Time to jump on the Yelp bandwagon? Not so fast!

Weighing the pros and cons of using the review site after the SEC's recent guidance

Apr 23, 2014 @ 11:53 am

By Kristen Luke

social media, review sites, advisers, yelp, securities and exchange commission
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In early April, the Securities and Exchange Commission published its IM Guidance Update 2014-4: Guidance on the Testimonial Rule and Social Media, which essentially paved the way for financial advisers to use third-party review sites like Yelp as part of their marketing strategy (See: SEC OKs use of third-party social-media endorsements). This is a significant shift from the previous consensus, which was that third-party review sites were viewed as testimonials, historically a prohibited form of marketing for advisers.

So now that the SEC has cleared the way for Yelp, should you go out and immediately create a Yelp profile for your business? Not so fast! You'll need to calculate the risk before jumping on the Yelp bandwagon.


For some firms, building out a Yelp marketing campaign will seem like a no-brainer. Here's why you might want to get your business on Yelp ASAP:

1. To combat negative reviews. For some firms, reviews already exist on Yelp without their involvement and, unfortunately, many of those reviews are negative. Prior to the SEC guidance, there was nothing a firm could do about a negative review except let it live into perpetuity on the Internet. That was true even for reviews submitted by people who never did business with the company. Now, advisers have the ability to claim their profiles and gather positive reviews to neutralize any negative reviews that may exist.

2. To proactively build a positive online reputation. Yelp is a highly popular website, which means that it will rank high in search results if there is an entry about your firm on the site. You may want to take a proactive approach and create a Yelp profile to gather positive reviews before someone posts a negative review, possibly damaging your online reputation forever. (See: Defend your online reputation before it's too late).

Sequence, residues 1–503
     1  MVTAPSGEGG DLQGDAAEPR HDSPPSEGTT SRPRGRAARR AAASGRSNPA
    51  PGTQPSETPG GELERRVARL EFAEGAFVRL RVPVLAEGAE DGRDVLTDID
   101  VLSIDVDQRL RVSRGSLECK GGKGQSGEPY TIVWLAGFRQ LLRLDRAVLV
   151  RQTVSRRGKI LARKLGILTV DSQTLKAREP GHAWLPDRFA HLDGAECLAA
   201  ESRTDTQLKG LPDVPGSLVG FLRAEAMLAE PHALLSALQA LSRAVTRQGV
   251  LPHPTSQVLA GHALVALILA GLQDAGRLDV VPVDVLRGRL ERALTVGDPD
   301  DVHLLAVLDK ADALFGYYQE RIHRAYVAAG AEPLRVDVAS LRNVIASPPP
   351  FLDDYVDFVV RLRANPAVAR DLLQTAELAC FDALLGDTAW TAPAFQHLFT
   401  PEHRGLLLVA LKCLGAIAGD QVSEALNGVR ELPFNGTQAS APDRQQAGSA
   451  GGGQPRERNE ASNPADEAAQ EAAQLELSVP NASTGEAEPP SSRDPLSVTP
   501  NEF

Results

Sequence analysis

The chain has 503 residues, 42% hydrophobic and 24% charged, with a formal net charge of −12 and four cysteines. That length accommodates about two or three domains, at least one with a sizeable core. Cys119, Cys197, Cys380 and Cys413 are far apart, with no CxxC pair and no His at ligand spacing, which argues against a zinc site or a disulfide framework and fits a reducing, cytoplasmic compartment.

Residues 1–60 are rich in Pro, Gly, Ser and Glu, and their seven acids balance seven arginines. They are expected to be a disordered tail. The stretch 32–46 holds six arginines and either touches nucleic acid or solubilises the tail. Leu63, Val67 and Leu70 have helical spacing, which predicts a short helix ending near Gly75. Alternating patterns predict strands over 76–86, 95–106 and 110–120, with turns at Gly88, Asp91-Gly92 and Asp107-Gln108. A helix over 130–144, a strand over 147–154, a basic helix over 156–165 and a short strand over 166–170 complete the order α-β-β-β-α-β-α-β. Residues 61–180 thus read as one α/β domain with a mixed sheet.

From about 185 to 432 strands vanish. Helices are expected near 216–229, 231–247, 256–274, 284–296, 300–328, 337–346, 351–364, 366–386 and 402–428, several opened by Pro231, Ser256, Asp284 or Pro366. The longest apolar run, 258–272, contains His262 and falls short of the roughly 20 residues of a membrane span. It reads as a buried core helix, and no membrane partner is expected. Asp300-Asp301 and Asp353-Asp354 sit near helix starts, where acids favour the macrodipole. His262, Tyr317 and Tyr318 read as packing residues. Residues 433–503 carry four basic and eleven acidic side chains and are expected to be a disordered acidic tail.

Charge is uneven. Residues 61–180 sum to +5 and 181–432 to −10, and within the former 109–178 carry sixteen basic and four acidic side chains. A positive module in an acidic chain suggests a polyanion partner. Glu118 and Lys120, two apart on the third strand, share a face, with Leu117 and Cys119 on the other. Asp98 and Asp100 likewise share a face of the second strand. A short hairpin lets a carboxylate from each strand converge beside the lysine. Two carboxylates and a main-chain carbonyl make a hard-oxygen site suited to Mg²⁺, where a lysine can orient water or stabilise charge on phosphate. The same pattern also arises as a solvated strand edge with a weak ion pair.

3. To capitalize on the first-mover advantage. Advisers who took advantage of social media in the early days of its popularity clearly benefited from being an early adopter. Since very few advisers are currently using Yelp, or any adviser review site for that matter, there is an opportunity for firms to take advantage of being an industry early adopter before it becomes as mainstream for advisers as LinkedIn.


While the advantages of integrating Yelp into your marketing strategy seem appealing, the downside may outweigh the upside. Here is why you should seriously consider avoiding Yelp at this time:

1. Don't introduce unnecessary compliance issues. If you don't currently have reviews on Yelp, it may be best to avoid creating a profile. Reviews will create another level of complexity in your firm from marketing both maintenance and compliance standpoints. For example, do you know the answers to these questions:

Can you solicit reviews from clients? You can't compensate someone for a review, but can you institute a campaign encouraging reviews?

How are you supposed to respond to negative reviews? Do they need to be addressed the same way a client complaint must be addressed?

Does Yelp need to be archived? And if so, which archiving providers support this functionality?

The answers to these questions aren't clear in the SEC guidance, so it's worth obtaining an expert compliance opinion before moving forward. Not having a profile will help you avoid these issues. The absence of a profile may also discourage people from adding a new listing and reviewing your company — which may ultimately be a good thing.

2. It won't be an accurate representation. Yelp works well for companies that have a large customer base such as restaurants and hotels. There are thousands of patrons who can possibly review the business in a single year, so even if a small percentage of customers write a review, there is enough of a sample for an accurate representation of the business. A business with a few hundred clients doesn't have enough potential reviewers to present an accurate representation. Even worse, you may have people reviewing who have never worked with your business resulting in a completely inaccurate picture. On Yelp, an inaccurate representation of your company is worse than no representation.

Think very carefully before using Yelp for your business. While it will be highly likely that Yelp will become the standard for adviser reviews for consumers (as opposed to a financial adviser-focused site), it may be worth waiting a few months to see how other firms adopt the medium, how compliance experts interpret the guidance, and if the SEC will provide any further direction before jumping on that bandwagon.

Kristen Luke is president and chief executive of Wealth Management Marketing Inc. and co-founder of The Mercato, an online marketplace featuring do-it-yourself tools, templates and training for financial advisers. Follow her on Twitter: @KristenLuke.

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